Researchers at UC Davis recently concluded that California should consider leaving the National Flood Insurance Program (NFIP) and explore implementation of its own statewide flood insurance program in order to invest in risk reduction rather than premiums. This is an idea that has been talked about for years by state and local flood management experts. But does it make sense?
The National Flood Insurance Program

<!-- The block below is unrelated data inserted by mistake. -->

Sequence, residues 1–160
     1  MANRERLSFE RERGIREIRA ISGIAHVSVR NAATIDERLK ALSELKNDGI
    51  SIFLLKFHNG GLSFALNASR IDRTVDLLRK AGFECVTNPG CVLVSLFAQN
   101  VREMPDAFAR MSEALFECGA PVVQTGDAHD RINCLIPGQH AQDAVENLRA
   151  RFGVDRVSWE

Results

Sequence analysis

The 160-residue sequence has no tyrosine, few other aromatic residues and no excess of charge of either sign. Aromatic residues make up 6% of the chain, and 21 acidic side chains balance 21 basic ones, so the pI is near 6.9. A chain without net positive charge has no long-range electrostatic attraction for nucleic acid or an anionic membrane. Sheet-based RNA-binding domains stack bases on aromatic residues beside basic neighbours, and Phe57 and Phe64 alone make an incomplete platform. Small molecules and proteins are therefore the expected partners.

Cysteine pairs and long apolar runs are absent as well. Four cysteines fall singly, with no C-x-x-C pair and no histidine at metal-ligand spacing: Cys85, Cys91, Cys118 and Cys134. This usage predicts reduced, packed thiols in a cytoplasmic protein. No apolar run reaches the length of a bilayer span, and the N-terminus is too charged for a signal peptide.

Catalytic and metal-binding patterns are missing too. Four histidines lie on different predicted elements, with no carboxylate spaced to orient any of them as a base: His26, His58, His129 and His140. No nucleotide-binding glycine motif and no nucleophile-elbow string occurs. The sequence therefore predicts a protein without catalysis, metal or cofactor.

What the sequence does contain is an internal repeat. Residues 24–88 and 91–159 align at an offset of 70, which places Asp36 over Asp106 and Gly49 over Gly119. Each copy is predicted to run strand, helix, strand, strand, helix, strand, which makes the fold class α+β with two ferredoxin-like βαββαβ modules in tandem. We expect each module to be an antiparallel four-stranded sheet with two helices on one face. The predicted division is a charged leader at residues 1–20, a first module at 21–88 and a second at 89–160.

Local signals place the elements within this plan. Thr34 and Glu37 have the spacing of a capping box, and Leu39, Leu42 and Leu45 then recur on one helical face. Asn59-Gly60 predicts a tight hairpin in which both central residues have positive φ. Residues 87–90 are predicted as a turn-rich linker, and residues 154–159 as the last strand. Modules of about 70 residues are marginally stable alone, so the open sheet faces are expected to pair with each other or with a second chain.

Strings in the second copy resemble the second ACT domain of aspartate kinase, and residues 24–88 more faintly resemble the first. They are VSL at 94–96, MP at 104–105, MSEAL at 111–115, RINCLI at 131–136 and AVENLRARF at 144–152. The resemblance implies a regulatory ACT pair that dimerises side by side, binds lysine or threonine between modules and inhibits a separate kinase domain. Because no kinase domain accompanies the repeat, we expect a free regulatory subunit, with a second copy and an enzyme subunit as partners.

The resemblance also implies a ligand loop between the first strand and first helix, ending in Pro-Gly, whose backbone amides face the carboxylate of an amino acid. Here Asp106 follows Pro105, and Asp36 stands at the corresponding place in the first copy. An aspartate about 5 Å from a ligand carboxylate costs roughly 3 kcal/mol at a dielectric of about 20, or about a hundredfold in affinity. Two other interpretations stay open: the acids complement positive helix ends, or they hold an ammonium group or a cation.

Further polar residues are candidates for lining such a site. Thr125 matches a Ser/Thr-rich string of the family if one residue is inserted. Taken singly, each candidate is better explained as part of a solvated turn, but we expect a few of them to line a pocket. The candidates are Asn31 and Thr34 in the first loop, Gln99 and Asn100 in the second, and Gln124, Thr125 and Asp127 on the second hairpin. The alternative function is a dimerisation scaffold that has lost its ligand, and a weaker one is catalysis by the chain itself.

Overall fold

The U.S. Congress established NFIP with the passage of the National Flood Insurance Act of 1968. NFIP is a Federal program enabling property owners in participating communities to purchase insurance as a protection against flood losses in exchange for state and community floodplain management regulations that reduce future flood damages. Participation in the NFIP is based on an agreement between communities and the Federal Emergency Management Agency (FEMA). If a community adopts and enforces a floodplain management ordinance to reduce future flood risk to new construction in floodplains, the government will make flood insurance available within the community as a financial protection against flood losses.